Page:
I took my level 2 a long time ago, but I too did not have to do moguls for my exam. The reason was that at that time at 7 Springs, the only mogul run available was too icy and the bumps too large for level 2 testing. At the time I thought that was a bunch of hooey because I skied the run just fine in my free time there. I know why now. With time and long focus on level 3 prep, I've come to understand more of the exam process from attending many clinics where examiners poured their thought processes into us.

So the first answer to your question is the standard that an examiner will be looking for will mostly depend on what is available. The more difficult the run, the more the requirement will tend towards a then c. The one thing that is constant is that you won't see a level 2 exam looking for zipper line bumping. Even at level 3, zipper line is not required and if all you show is zipper line, you will fail. The general rule of thumb is that examiners are looking for technique/strategy and variety not brute strength in the bumps. On the low end of "a", if you are "shopping" for turns (i.e. a very noticeable static traverse waiting to come across an easy bump to turn on), you will likely fail. The key thing that examiners are looking for in any part of the exam is movements. If you get tense and static in the bumps, you are toast. If you can demonstrate balance, edging, rotary and pressure management per the visual cues doing either B or C, you will pass. If you do C, you get more leeway on foibles because of the extra difficulty.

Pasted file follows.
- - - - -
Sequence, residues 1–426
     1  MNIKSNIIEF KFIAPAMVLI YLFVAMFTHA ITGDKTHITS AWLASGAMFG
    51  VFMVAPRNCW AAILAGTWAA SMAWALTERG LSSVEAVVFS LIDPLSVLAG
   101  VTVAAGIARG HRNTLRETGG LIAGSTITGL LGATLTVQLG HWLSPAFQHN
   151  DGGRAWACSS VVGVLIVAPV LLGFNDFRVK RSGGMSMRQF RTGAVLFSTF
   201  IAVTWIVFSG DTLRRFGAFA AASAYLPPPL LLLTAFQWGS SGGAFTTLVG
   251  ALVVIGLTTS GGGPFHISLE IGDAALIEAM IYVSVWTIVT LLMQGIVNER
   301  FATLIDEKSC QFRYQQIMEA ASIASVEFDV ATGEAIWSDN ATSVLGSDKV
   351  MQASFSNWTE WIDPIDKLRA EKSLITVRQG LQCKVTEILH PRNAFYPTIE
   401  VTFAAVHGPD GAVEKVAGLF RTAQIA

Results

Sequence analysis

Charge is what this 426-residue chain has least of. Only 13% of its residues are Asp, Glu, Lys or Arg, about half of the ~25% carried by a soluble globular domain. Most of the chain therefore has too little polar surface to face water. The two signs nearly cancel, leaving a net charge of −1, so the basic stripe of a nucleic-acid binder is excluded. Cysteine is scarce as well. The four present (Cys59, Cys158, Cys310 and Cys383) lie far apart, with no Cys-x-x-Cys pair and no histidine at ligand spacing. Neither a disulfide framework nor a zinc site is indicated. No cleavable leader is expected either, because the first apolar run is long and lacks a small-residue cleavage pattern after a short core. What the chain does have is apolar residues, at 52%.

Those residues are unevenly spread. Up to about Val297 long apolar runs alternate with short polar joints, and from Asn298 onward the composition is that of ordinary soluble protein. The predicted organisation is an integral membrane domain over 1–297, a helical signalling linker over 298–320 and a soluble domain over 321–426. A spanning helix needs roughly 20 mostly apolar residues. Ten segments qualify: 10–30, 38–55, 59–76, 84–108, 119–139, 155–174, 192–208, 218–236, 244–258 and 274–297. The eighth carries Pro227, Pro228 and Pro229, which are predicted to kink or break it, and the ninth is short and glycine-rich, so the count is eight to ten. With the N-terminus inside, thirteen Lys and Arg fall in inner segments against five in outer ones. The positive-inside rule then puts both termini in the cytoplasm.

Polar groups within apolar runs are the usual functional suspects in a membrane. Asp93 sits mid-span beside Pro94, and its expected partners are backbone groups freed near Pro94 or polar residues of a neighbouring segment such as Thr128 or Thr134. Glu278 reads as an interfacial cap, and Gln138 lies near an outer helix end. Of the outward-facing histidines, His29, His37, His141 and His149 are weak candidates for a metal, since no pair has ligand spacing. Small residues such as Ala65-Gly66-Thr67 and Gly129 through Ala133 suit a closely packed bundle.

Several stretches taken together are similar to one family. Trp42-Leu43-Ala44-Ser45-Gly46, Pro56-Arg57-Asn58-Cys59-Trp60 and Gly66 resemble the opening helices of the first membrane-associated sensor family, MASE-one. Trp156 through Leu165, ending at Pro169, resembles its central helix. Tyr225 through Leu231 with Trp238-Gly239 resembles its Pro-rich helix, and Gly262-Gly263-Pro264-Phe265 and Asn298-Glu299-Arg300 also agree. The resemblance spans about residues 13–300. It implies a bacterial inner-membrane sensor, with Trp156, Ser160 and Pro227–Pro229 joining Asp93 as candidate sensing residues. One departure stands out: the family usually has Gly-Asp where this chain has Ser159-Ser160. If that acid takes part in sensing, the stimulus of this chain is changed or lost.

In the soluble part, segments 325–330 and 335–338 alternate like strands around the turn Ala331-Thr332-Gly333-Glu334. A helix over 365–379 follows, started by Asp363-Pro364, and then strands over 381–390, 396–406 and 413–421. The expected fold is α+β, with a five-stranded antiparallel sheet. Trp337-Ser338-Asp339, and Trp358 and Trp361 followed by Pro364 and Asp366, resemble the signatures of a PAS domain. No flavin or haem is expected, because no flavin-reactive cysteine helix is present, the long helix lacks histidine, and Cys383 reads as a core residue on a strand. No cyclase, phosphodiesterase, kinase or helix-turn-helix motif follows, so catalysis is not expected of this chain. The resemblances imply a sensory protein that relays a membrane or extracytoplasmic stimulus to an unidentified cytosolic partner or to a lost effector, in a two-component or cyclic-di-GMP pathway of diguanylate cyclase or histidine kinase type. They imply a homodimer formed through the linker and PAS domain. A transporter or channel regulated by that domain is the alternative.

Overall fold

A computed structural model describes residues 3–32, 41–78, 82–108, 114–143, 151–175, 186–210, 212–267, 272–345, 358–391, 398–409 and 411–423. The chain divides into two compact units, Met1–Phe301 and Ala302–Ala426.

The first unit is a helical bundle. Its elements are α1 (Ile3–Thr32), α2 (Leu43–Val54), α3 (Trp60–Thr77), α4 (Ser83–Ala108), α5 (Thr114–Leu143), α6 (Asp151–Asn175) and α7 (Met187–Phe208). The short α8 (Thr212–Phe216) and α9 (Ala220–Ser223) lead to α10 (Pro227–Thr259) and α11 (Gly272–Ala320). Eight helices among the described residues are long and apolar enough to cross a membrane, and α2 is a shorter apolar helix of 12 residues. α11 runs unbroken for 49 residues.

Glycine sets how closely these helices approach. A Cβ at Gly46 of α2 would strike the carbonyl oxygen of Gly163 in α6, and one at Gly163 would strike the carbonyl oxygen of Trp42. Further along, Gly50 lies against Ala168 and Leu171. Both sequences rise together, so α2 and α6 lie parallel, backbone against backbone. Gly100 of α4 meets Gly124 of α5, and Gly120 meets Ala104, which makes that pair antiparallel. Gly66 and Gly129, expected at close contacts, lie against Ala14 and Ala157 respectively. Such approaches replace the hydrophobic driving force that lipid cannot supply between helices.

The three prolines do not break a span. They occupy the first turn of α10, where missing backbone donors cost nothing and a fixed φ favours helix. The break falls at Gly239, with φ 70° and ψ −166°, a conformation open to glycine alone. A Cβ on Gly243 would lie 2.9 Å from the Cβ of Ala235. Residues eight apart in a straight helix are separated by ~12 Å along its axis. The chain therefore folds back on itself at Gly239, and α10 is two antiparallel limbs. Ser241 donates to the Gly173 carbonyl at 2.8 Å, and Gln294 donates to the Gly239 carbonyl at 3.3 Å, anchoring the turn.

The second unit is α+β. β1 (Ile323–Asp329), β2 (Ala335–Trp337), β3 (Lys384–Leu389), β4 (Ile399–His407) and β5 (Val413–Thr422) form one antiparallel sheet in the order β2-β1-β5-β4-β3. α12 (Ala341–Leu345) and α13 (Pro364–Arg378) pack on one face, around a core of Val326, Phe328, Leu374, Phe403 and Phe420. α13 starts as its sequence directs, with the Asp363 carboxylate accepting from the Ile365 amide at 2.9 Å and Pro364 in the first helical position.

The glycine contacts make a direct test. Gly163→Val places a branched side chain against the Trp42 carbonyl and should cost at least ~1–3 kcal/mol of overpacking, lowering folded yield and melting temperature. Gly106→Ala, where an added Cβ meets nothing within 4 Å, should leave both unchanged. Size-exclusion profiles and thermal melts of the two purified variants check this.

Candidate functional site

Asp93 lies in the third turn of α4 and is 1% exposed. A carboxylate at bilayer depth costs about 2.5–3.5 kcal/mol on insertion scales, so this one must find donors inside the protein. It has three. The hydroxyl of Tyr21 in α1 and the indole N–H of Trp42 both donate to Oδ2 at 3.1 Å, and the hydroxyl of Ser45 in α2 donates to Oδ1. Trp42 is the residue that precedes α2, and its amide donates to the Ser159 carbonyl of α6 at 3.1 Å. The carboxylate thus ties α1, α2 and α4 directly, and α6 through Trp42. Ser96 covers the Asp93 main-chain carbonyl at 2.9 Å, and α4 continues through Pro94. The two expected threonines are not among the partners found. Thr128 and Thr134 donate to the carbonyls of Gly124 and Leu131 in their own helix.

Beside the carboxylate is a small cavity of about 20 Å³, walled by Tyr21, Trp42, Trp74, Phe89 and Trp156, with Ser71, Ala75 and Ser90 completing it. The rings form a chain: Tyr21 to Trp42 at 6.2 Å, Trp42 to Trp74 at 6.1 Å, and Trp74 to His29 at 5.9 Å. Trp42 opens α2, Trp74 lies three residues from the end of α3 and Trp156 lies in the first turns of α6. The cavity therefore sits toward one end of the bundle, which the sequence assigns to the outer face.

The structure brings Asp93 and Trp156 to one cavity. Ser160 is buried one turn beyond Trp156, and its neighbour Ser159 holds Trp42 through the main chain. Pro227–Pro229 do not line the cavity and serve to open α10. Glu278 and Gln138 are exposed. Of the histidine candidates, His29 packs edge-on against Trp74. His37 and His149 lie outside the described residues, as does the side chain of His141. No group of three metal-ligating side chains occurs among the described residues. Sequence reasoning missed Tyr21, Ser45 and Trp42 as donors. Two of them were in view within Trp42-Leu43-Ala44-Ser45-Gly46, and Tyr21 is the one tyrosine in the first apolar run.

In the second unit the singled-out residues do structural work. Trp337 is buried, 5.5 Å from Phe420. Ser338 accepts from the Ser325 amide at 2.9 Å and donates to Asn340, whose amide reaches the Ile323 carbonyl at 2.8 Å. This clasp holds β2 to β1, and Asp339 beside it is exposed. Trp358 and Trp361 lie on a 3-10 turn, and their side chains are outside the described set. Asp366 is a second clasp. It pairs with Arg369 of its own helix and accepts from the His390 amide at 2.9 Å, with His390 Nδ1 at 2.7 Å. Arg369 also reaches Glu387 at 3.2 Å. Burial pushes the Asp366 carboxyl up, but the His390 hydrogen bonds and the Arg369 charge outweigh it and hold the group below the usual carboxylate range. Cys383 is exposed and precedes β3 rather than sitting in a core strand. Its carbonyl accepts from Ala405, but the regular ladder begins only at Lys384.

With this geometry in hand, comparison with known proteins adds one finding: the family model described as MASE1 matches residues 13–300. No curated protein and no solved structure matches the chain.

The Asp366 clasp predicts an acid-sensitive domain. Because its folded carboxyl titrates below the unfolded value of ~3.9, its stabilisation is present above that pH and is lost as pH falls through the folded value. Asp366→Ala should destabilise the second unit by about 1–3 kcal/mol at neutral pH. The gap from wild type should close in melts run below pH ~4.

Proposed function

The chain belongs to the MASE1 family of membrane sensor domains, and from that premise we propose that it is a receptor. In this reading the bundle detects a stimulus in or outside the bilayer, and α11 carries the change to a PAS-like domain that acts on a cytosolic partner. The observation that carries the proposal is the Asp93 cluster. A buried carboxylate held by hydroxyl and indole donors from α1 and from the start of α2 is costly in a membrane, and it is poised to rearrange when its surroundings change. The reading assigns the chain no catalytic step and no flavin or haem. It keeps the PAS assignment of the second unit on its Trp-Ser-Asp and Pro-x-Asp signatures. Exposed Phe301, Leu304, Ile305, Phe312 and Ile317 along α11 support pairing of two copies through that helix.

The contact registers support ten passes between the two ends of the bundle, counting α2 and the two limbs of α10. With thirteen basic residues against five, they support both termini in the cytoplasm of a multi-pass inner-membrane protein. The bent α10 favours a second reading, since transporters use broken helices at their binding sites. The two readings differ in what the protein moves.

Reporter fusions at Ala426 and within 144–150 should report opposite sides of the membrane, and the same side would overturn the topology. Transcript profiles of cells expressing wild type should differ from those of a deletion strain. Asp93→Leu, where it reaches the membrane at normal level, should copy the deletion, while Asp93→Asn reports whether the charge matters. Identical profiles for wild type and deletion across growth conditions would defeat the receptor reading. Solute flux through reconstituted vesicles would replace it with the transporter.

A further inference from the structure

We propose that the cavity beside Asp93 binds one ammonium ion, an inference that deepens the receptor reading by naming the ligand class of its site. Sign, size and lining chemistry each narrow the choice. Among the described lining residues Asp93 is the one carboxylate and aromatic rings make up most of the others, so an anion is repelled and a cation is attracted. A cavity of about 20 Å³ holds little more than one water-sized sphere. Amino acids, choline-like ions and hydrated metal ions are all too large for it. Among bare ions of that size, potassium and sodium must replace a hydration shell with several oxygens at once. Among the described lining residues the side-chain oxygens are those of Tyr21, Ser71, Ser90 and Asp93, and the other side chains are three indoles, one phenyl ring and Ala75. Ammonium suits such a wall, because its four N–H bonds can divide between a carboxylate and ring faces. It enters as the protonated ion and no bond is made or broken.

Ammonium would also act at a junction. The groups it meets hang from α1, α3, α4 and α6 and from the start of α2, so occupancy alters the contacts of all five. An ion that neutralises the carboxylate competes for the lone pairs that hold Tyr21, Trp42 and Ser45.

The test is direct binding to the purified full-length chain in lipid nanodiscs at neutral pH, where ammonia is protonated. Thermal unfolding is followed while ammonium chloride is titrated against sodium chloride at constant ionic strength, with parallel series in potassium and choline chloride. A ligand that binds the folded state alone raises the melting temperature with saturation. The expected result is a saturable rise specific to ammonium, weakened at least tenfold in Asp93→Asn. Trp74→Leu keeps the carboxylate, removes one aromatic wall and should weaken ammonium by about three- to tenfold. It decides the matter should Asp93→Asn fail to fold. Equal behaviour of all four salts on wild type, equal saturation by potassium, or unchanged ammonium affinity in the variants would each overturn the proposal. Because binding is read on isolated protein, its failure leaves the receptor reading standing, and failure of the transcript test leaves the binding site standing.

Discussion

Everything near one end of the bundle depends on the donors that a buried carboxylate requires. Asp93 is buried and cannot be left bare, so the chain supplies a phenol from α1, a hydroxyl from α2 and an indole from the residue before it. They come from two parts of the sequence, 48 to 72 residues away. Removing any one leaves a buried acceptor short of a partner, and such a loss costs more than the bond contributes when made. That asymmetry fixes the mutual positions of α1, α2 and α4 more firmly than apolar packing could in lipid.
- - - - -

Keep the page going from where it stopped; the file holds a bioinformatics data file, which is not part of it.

The second answer to your question is that you should at least be a solid B if you want to be prepared to pass a level 2 exam no matter what. You can't know ahead of time if you'll get bumps or not. If you don't get bumps, they will be looking extra hard at your short radius turns. Examiners prefer to let the mountain do the examining (i.e. just ski). But they have a huge bag of tricks (i.e. exercise tasks) to fall back on when conditions are not challenging enough. The key thing to understand is that no matter what the conditions or difficulty of the trail, there are some fundamental movement patterns that need to be occurring. Whether it's bumps, or ice, or steep, or powder, or whatever, the exam will include something to test your comfort level. If you can still display those fundamental patterns when the going gets tough, you will pass. You can't do B without having the movements.

The last answer is that you also mentally need to be prepared for being tasked with a bump run that is more difficult than the moderately challenging example at Okemo where "C" is the only way to get down. Examiners will occasionally "turn up the heat" beyond what is required. The good news is that you get a lot of leeway for imperfections. But some people let this kind of stuff fluster them and then screw up the rest of their tasks.
post #5 of 12
Thread Starter